Critical copyright scholarship rightly emphasises the social costs of ordering cultural production through proprietary intellectual property law regimes. This scholarship also celebrates the virtues of free content and free access, particularly in digital domains.
The purpose of this talk by Guy Pessach is to question this critique, which tends to pair proprietary intellectual property protection with informational capitalism and the commodification of culture. Guy will argue that the drawbacks of cultural commodification and informational capitalism are also apparent in market-oriented media environments that are based on free distribution of content. He will untie the seemingly Gordian knot binding proprietary IP to capitalist structures of corporate media.
Guy will argue that media environments based on free distribution of content are no less vulnerable to market powers. This analysis has significant normative implications for the desirability of contemporary approaches that advocate mobilisation towards non-proprietary 'beyond IP' legal regimes.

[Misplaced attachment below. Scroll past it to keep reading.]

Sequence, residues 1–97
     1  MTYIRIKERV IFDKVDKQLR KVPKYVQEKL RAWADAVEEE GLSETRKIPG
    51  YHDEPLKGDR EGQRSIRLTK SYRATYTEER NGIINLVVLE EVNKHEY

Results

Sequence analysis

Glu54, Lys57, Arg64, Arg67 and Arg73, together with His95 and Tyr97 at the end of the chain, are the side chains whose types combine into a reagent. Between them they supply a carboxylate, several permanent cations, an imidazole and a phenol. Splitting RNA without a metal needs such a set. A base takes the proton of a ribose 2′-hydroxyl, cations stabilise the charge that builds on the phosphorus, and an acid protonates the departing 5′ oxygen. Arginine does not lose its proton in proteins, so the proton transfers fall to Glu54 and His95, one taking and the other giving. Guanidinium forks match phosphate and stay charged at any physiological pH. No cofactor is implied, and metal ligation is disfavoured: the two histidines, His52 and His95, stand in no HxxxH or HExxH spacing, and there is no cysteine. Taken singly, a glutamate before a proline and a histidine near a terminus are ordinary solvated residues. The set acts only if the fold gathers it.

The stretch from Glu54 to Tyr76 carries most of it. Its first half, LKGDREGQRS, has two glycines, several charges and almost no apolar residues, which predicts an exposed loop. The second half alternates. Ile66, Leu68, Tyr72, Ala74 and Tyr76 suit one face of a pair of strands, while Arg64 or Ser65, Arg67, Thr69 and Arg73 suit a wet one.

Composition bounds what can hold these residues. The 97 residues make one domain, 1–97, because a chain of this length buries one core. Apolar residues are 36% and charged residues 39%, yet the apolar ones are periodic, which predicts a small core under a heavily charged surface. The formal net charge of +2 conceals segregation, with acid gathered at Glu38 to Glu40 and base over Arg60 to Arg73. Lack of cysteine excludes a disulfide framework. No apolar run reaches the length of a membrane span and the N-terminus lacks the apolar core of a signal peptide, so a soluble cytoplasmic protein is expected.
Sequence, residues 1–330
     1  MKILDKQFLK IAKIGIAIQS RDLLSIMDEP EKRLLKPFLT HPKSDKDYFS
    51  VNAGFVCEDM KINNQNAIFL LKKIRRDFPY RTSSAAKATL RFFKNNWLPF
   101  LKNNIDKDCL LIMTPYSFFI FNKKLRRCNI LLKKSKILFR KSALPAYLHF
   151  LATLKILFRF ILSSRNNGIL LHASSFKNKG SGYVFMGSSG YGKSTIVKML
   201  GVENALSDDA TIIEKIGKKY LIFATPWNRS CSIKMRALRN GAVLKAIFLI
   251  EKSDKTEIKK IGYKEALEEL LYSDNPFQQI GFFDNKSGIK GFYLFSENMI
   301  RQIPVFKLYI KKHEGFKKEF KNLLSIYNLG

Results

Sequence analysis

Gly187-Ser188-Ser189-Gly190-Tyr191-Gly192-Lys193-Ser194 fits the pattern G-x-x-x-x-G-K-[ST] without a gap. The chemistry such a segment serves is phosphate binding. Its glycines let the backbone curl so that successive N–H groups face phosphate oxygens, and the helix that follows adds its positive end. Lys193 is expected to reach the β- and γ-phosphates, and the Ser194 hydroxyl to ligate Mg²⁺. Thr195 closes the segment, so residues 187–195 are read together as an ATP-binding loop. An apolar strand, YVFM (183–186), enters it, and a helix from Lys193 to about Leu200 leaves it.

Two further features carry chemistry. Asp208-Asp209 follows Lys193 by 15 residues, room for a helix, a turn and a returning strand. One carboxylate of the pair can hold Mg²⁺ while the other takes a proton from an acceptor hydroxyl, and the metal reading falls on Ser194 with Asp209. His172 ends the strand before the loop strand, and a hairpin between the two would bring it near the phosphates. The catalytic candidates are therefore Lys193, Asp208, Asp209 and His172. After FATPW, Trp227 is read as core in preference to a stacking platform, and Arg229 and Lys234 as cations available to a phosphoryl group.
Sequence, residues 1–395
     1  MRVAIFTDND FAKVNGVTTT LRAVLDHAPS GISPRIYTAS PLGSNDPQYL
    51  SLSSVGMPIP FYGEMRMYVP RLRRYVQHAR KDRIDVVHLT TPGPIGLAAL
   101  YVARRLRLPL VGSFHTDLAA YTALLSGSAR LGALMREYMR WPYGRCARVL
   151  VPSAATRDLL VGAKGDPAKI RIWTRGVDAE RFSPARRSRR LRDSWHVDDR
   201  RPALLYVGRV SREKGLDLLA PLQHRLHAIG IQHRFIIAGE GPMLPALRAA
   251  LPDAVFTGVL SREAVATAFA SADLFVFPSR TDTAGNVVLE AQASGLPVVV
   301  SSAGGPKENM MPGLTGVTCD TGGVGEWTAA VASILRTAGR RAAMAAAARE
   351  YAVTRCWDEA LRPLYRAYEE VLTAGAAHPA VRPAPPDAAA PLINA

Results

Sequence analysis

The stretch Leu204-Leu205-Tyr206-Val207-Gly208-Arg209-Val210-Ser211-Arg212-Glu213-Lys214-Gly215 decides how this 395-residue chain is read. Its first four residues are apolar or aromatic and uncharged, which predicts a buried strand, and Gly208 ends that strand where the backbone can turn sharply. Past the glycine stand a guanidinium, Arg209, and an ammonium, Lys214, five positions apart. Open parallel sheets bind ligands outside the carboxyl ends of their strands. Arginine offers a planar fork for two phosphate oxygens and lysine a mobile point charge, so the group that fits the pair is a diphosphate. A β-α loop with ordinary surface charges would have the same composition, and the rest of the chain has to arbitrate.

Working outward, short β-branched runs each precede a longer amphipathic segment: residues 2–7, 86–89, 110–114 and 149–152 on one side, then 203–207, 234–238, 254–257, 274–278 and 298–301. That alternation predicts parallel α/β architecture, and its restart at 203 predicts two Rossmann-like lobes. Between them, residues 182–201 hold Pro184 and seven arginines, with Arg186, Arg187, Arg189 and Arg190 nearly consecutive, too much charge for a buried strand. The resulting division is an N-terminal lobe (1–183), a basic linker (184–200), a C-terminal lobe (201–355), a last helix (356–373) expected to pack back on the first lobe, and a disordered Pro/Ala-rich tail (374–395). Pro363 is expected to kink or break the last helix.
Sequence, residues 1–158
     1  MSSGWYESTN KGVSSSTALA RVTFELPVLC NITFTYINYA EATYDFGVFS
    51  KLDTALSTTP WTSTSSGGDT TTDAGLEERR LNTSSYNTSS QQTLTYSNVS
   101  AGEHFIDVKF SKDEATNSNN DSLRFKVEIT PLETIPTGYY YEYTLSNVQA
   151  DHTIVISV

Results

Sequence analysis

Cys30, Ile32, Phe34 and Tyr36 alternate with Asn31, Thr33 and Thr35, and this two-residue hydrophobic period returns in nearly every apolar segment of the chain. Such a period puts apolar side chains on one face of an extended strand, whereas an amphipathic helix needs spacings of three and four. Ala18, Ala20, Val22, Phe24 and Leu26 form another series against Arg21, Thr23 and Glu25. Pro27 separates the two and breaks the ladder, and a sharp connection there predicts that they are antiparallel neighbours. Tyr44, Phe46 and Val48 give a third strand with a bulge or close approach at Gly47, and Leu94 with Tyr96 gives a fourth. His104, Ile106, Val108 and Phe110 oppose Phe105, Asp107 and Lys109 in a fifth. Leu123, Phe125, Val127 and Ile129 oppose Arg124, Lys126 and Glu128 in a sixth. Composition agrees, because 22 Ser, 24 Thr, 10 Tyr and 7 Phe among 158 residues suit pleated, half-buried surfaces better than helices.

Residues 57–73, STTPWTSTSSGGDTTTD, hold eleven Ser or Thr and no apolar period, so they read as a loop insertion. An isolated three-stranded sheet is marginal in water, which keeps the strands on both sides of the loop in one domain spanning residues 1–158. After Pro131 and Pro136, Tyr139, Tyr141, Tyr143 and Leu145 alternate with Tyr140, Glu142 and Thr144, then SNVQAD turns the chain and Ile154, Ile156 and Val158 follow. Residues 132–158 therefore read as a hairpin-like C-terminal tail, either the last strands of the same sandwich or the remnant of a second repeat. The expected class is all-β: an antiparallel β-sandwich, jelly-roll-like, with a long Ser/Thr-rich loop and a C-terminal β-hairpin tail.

If you are interested in attending this presentation, please email Chris Ellins on [email protected]
About the Speaker
Guy is an Associate Professor at the Hebrew University of Jerusalem and Affiliate Fellow at Information Society Project, Yale Law School who has written widely on the topic of intellectual property rights. Guy was previously an Erasmus Scholar at Westminster Law School.